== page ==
Thornton was one of the inspirations behind the homeless program Cline started in San Antonio in 2000. At the time, the program mostly served breakfast. Now, Corazon San Antonio provides over 30,000 hot meals per year to those experiencing homelessness in downtown San Antonio.
“It’s kind of hard to sum up a person’s life,” Cline said. “He touched so many people.”
One of those people is Alex Branch, senior director of marketing and communications at UNT Health Science Center. When Branch was a reporter at the Fort Worth Star-Telegram, he spoke with Thornton often as he reported on homelessness in Fort Worth. As the director of homelessness programs in the area, Thornton urged Branch to be empathetic and avoid stereotypes about those living without a home.
“He definitely really cared about these people; he wasn’t just trying to meet goals,” Branch said. “He wasn’t a guy to sit in his office a lot — he was out there, he got to know people in the homeless community.”
Thornton’s opinions were not always the most popular, but he was not afraid to advocate for what he knew was right, Amylyn Crawford said. He was known as a fighter for social justice, especially as he pushed for fair housing and programs for the homeless in Fort Worth.
In a column published in the Star-Telegram in 2017, Thornton shed light on youth experiencing homelessness in the community.
In 2017, he told the Star-Telegram Editorial Board that Tarrant County needed to do more to help those who do not have homes. He wanted to reorganize and streamline the systems people had to go through to receive housing help. He urged local aid organizations to say yes more, as opposed to telling people they did not have the resources to help.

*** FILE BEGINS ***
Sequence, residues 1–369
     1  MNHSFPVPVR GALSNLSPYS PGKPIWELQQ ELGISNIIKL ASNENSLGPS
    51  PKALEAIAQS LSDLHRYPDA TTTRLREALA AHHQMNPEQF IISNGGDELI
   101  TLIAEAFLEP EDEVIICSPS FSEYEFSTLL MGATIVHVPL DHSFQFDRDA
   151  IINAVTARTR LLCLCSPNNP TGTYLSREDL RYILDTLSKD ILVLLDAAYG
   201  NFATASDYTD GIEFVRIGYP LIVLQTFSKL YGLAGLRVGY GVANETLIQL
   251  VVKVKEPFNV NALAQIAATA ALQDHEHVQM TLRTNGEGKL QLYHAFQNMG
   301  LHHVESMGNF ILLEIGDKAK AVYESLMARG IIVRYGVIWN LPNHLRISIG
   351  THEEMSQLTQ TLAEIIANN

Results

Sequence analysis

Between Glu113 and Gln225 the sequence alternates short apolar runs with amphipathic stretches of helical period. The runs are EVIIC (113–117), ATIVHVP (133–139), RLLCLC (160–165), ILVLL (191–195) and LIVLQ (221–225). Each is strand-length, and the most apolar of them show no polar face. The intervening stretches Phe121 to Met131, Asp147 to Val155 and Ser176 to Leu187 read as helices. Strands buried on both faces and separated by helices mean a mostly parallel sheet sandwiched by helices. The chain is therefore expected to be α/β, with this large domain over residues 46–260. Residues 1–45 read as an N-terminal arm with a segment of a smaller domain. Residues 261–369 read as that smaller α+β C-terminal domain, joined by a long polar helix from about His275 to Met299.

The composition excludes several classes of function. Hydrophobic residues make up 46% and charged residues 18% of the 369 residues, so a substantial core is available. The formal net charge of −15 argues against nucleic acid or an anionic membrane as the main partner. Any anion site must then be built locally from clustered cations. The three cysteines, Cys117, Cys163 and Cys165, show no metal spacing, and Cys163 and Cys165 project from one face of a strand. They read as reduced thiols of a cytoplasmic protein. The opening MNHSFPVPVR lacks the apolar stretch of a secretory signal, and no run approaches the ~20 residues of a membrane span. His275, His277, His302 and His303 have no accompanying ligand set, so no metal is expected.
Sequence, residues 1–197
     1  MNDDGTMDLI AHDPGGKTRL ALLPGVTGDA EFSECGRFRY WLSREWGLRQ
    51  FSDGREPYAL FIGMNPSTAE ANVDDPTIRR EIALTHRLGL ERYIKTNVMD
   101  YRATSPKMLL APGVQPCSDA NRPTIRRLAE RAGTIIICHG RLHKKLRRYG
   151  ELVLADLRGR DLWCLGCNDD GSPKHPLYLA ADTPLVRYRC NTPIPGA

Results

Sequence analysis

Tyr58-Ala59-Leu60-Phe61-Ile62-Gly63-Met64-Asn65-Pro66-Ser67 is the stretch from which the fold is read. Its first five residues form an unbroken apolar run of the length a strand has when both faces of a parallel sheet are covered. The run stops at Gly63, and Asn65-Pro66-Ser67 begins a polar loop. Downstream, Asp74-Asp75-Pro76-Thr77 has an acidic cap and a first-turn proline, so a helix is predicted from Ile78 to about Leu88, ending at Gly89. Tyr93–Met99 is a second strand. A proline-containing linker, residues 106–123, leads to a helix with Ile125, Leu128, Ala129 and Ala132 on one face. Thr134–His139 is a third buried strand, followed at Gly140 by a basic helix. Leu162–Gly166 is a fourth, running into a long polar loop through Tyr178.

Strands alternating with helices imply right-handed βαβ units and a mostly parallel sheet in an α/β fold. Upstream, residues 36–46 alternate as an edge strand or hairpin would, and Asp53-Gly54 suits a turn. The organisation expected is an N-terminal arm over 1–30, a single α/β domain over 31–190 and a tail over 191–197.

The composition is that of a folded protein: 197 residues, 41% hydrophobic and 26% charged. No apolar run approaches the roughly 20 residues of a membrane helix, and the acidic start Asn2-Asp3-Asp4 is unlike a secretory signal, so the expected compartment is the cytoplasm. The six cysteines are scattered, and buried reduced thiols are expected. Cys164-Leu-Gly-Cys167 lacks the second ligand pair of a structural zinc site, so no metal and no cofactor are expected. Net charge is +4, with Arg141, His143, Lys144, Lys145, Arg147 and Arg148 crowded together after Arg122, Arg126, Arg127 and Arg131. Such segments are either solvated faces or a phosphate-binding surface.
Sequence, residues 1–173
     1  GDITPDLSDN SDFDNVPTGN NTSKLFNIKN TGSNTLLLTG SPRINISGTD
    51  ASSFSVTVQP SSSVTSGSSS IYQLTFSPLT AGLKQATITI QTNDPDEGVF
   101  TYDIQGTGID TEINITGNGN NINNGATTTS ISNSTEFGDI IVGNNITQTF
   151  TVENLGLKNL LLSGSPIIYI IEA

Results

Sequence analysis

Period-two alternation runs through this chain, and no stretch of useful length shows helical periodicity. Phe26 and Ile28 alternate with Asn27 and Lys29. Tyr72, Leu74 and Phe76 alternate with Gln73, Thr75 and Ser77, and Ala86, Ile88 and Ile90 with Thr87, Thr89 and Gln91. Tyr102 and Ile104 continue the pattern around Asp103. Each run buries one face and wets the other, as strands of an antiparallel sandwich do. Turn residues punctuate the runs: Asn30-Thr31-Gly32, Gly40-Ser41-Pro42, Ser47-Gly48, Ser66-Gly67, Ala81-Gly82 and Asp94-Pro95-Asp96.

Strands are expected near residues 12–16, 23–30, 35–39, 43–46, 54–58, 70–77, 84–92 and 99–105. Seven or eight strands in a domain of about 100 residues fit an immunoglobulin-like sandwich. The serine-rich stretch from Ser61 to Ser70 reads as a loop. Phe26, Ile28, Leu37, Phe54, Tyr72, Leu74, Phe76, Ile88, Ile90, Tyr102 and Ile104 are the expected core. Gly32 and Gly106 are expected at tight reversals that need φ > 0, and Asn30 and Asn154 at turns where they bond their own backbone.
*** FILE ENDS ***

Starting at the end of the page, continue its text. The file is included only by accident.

Thornton respected all people and their homes, Ken Crawford said, whether that person was living next door or in a tent near the highway.
“He was not doing things for people but with people,” Ken Crawford said. “And he did not assume that just because we have cars and houses and paychecks that we know what’s best for their life.”
Thornton was diagnosed with glioblastoma on Jan. 8. He and Amylyn Crawford created a CaringBridge blog to keep people updated on his condition. On Jan. 10, Thornton posted to a blog page about his diagnosis, writing that he, “Learned on 1/8/21 that I have a brain tumor. (Brain cancer seems somehow apropos of a goodbye gift from 2020, no?) It appears to be about the size of a ping-pong ball-flattened into the shape of the island of Oahu.”
On Saturday, Amylyn Crawford posted on the CaringBridge blog to let people know Thornton had died. He was “surrounded by people who loved him deadly, and with Christmas music in the background,” she wrote.
“There were lots of tears before and more after, but there was also laughter as someone- Otis- still had to get the last word in, and breathe a few more random breaths when we thought he had passed to the other side,” she wrote. “Never one to do things the easy way.....”
A service will be held at 4:30 p.m. Friday at Colonial Heights Presbyterian Church in Kingsport, Tennessee. Masks are required for those attending in person. The service will be live streamed, Amylyn Crawford said, and the link to watch will be available later this week.
A gathering of some kind will be held in North Texas in the future, she said. In lieu of flowers, the family asked for people to donate “to an organization that makes this world a better place.”